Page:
Searching over 5,500,000 cases.


searching
Buy This Entire Record For $7.95

Download the entire decision to receive the complete text, official citation,
docket number, dissents and concurrences, and footnotes for this case.

Learn more about what you receive with purchase of this case.

Harris v. City of Chicago

United States District Court, N.D. Illinois, Eastern Division

May 15, 2017

NICOLE HARRIS, Plaintiff,
v.
CITY OF CHICAGO, Defendants.

          MEMORANDUM OPINION AND ORDER

          AMY J. ST. EVE United States District Court Judge

         Defendants Robert Bartik, Demosthenes Balodimas, Robert Cordaro, James Kelly, Michael Landando, Anthony Noradin, and Randall Wo (collectively, “Defendants”) have moved to bar the testimony of Plaintiff Nicole Harris's proposed expert, Dr. Ryan Stevens, pursuant to the Federal Rules of Evidence and Daubert v. Merrell Dow Pharms., Inc., 509 U.S. 579 (1993). For the following reasons, the Court, in its discretion, grants in part and denies in part Defendants' motion.

         BACKGROUND

         I. Factual Background

         This is a wrongful conviction case against eight Chicago Police Officers. Plaintiff alleges that, on October 26, 2005, a jury in the Circuit Court of Cook County convicted her of murdering her four-year-old son, Jaquari Dancy, based in large part on a false and fabricated confession elicited during 27 hours of intermittent interrogation by Chicago Police Officers. Plaintiff alleges that Defendants fabricated a police report, subjected Plaintiff to sustained and aggressive questioning, held her overnight in a cell, and ultimately elicited the false and fabricated confession, which the Defendants captured on videotape, that Plaintiff killed her son. See Harris v. Thompson, 698 F.3d 609, 612 (7th Cir. 2012). In October 2012, the Seventh Circuit overturned Plaintiff's conviction. Id. at 650. On June 17, 2013, the Cook County State's Attorney dismissed all charges against Plaintiff. Plaintiff was granted a Certificate of Innocence, pursuant to 735 Ill. Comp. Stat. 5/2-702.

         II. Dr. Ryan Stevens's Background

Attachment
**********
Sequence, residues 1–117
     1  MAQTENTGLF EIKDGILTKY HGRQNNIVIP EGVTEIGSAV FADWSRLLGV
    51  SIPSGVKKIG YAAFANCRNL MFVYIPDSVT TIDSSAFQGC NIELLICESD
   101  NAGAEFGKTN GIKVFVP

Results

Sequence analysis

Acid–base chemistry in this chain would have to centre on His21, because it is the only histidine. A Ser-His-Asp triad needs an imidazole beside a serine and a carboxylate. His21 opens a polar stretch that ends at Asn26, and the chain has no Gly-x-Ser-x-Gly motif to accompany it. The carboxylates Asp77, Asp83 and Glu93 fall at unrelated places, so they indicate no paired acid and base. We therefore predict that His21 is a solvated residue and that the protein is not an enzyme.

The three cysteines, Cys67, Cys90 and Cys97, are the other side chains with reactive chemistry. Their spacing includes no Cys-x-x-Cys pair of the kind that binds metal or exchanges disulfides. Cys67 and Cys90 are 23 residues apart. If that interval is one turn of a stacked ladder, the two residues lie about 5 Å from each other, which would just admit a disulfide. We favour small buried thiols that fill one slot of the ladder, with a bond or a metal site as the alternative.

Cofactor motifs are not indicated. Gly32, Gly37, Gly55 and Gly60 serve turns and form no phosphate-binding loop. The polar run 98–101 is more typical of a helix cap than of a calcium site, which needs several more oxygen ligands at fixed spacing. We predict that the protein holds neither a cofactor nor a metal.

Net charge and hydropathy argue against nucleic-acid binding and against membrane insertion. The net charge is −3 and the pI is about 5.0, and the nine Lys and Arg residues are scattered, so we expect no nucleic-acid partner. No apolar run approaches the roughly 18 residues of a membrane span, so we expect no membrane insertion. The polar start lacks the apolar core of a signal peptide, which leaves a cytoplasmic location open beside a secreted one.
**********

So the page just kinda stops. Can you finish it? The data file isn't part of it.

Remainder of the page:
Dr. Stevens is a physician specializing in Otolaryngology and Ear, Nose, and Throat surgery. (R. 220-1, Stevens Report and Resume, 1.) He holds a Doctorate of Medicine from Oregon Health Sciences University in Portland, Oregon. (Id., 1-2.) He completed his residency in Otolaryngology-Head and Neck Surgery in 2000 at the University of Colorado in Denver, Colorado, and became board certified in Otolaryngology and Head and Neck Surgery in 2001. (Id., 2.) He previously served as Chief of Staff and Chief of Surgery at Good Samaritan Regional Center in Corvallis, Oregon, from January 2007 to December 2008. (Id., 1.) He is currently an independent physician practicing in Corvallis, Oregon. (Id.)

         Dr. Stevens spent five years performing clinical studies and researching data on “the mechanisms of injury, the forces involved, the internal effects of the forces applied, and the situations in which accidental hanging and strangulation occur.” (Id., 2.) The studies included “the measurement of the force required for airway occlusion; the measurement of the force required for occlusion of the jugular vein; and the individual events of asphyxia in children to identify preventable events based on medical and situational data.” (Id.) Every four or five years, he reviews literature relating to hanging and strangulation in children. (Id.) He has given presentations relating to research on childhood hanging and strangulation to multiple medical societies, manufacturers of consumer products, and the U.S. Consumer Product Safety Commission. (Id.) His published research includes: (1) Prevention of Accidental Childhood Strangulation: A Clinical Study. Annals of Otology Rhinology, & Laryngology. 200; 209:191-802 and (2) Prevention of Accidental Childhood Strangulation: Where is the Site of Obstruction? International Journal of Pediatric OtoRhinoLaryngology - Supplement Proceedings of the 7th International Congress of Pediatric Otorhinolaryngology. 1999 49: S321-322. (Id., 2-3.)

         III. Dr. Ryan Stevens's Opinions